“Random Red Sox of the Day” is a new series of articles I will be periodically writing. This one is the first installment in the series. Random doesn’t mean they weren’t good, just that they aren’t names you will hear come up often in this day and age. Tim Naehring, for instance, was a good player for the Red Sox who seemingly adding to his game every season until an elbow injury ended his career prematurely. Read about him more below.
The Early Days
Tim Naehring was drafted by the Red Sox in 1988 out of Miami of Ohio as a shortstop. The Red Sox had also selected a shortstop in the 5th round named John Valentin. Naehring jumped ahead of Valentin in development as Valentin battled an injury shortly after being drafted.
By 1989, Naehring had made the leap to AAA Pawtucket, passing over AA during his midseason callup. Naehring held his own and found himself back in Pawtucket for the 1990 season. After swatting 15 home runs, he got the call to the big leagues in July.
By his third Major League start, Naehring had hit his first career home run. Two weeks later he had his first three-hit game, which he followed up with another three-hit game which included a home run and four runs batted in. He added a four-hit game a few days later before an injury ended his season, something he dealt with often in his early playing days.
Naehring would miss almost the entire 1991 season. He would spend most of the 1992 season on the big league team, serving as a utility player for the Red Sox. Naehring didn’t hit much, but played shortstop, second base and third base. He did win a game with a two-run homer in the top of the 19th in Cleveland in April of that season.
The Beginnings of a Breakout
Tim Naehring was back in AAA for much of 1993, but was showing improvement. He batted .307 with an .873 OPS over 55 games at Pawtucket. After a bit of a sluggish start following his callup, Naehring found regular at-bats in September with the team out of the postseason race and picked up where he left off in Pawtucket. From September 10th through the end of the season, Naehring batted .420 with a 1.047 OPS. He had six hits during a doubleheader on the 10th and wound up with five straight multi-hit games.
Naehring was up for good in 1994 and continued showing the promise from his 1993 season. He played his usual infield positions, but was mostly at second base with Scott Fletcher struggling at the plate. Forming a timeshare with Fletcher while filling in periodically around the infield, Naehring batted .276 with 7 home runs over 297 at-bats. He enjoyed his first multi-homer game on April 19th against Oakland, a game in which he went 4-4 at the dish.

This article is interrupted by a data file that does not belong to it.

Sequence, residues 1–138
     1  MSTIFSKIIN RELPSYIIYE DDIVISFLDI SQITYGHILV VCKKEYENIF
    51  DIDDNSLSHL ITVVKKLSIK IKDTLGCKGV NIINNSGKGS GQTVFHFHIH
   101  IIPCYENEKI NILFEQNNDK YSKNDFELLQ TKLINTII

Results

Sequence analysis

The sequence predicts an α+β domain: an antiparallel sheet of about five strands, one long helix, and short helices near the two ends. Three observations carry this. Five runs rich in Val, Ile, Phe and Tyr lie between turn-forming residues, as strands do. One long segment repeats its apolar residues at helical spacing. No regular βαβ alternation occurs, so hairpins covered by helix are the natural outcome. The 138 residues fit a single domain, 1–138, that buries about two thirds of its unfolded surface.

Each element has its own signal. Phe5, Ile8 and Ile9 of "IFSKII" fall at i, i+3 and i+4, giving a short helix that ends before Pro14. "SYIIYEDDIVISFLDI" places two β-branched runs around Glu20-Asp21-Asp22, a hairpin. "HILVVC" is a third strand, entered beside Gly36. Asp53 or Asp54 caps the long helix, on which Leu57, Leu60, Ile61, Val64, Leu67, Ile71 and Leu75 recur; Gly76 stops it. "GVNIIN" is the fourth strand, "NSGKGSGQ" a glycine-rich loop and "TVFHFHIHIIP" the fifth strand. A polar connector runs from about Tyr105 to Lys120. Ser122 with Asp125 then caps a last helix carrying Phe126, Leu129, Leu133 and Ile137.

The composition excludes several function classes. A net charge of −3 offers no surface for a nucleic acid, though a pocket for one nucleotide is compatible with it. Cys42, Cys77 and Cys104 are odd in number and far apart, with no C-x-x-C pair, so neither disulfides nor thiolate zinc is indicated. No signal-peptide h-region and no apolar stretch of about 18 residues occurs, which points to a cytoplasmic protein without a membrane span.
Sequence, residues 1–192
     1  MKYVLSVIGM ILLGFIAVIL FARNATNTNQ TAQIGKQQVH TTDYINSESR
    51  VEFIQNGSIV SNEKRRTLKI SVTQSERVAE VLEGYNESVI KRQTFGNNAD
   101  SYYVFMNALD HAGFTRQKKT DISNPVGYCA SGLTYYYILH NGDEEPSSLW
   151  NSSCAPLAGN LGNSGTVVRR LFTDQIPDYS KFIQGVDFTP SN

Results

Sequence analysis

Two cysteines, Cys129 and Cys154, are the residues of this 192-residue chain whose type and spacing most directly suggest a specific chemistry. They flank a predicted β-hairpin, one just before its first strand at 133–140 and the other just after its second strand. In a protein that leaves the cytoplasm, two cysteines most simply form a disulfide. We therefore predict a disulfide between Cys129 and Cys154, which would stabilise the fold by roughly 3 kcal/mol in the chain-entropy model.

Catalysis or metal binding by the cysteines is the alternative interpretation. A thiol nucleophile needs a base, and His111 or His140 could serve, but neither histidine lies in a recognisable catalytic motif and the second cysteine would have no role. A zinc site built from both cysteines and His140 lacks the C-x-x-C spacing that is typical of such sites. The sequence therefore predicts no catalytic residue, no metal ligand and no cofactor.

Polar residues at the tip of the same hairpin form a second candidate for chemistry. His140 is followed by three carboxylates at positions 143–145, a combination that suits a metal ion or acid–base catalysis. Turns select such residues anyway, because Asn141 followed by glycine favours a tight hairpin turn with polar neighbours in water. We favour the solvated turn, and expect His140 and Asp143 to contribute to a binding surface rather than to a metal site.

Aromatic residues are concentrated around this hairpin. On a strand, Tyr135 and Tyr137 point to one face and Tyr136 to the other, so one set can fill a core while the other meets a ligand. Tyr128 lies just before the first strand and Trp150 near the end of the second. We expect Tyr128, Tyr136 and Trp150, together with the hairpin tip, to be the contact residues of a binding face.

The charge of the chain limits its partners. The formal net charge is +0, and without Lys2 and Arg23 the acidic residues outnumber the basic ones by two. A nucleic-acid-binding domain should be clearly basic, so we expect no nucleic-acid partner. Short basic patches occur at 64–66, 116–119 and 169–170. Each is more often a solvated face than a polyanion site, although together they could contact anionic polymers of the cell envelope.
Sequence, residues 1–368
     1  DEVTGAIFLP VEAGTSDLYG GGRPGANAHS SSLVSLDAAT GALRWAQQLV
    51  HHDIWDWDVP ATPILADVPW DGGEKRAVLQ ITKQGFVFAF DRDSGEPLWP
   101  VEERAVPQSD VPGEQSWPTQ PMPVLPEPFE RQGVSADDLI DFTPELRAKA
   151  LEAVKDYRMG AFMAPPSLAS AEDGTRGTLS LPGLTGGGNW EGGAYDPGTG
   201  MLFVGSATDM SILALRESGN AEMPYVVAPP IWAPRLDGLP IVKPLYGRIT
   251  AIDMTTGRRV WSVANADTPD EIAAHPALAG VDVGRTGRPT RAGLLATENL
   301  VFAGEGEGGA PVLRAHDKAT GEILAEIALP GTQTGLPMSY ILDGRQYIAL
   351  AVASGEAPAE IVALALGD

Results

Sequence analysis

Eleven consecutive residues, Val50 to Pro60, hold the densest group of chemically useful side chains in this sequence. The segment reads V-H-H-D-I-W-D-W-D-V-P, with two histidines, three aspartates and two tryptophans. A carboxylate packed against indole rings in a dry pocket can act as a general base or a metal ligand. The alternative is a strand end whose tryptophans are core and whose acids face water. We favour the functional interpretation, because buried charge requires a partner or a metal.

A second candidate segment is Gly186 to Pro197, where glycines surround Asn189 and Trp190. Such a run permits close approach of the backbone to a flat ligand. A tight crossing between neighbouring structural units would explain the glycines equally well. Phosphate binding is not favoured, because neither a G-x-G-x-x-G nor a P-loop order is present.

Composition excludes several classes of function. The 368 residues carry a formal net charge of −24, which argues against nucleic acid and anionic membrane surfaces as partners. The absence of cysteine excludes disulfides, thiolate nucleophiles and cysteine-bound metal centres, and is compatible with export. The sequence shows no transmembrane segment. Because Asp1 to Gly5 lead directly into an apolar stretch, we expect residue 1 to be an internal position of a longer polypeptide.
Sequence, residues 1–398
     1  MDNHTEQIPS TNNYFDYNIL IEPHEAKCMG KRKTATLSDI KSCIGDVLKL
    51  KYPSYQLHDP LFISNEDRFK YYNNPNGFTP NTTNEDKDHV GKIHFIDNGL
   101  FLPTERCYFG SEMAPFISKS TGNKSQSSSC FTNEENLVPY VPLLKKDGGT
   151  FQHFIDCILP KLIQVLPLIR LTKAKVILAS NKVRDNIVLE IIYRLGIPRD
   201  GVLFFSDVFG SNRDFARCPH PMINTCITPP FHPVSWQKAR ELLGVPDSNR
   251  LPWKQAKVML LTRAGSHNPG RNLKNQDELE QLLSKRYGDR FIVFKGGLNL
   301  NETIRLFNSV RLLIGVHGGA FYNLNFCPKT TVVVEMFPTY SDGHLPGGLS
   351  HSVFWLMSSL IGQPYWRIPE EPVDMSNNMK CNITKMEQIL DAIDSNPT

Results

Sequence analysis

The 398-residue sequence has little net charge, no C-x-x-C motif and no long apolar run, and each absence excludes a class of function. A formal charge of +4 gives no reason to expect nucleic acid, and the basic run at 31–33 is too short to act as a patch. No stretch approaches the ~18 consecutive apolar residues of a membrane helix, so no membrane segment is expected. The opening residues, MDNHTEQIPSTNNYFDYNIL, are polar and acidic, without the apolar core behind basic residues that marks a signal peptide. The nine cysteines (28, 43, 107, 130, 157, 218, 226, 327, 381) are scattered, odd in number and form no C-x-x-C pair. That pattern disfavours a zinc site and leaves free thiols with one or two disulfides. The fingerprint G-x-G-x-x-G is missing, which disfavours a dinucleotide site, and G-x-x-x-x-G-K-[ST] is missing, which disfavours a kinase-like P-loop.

Starting Third Baseman
Before the 1995 season, the Red Sox traded away two-time All-Star Scott Cooper. With the move, Tim Naehring would be taking over as their full-time third baseman. Naehring would not let the opportunity go to waste. Naehring was leading the American League in hitting as late as June of 1995.
He was still batting over .320 into early September of that season before fading a bit down the stretch. Still, Naehring batted .307 with a career high .863 OPS. He got on base at a .415 clip, leading the Red Sox and finishing eighth in the American League MVP race. When the Sox bats went cold in the postseason series with the Indians, Naehring picked up four hits and homered.
Naehring would set career highs in a couple more categories in 1996. He had an 18 game hitting streak early in the season. In June, he hit his first career walk-off home run against the Indians. With the game tied in the 15th inning, Naehring hit a 2-run homer off future Red Sox reliever Alan Embree. He would go on to hit 17 home runs that season, a personal best. His 65 runs batted in and 77 runs scored were also career highs. Those highs may not have held up if it weren’t for injury.
Tim Naehring may have surpassed some of those career highs in 1997 if not for an elbow injury that ended his season, and ultimately, his career. Injured in late June, Naehring had 9 home runs and 40 RBI, and the team had yet to reach the mid-point of the season. He was batting .286 on 74 base hits with an .843 OPS. He likely would have surpassed his personal bests for both hits and RBI, and might have reached 20 home runs for the first time.
On June 23rd, in a win up in Toronto, Tim Naehring collected three base hits and homered. It would be the final game of his career. Naehring blew out his elbow, and with modern medicine probably would have made it back late the next season. As it was, Naehring held out hopes of making a comeback through 1998, but ultimately had to call it quits. He was 30 years old when he played his final game.
Naehring faced many injuries during his playing days, but some of that likely stemmed from his style of play. He was always diving for ground balls and going all out in the field. He was a good fielder and a good hitter. Naehring had only committed three errors on the 1997 season when he got hurt. At the plate, he seemingly kept improving as well, batting .295/.387/.451/.837 over his final three seasons.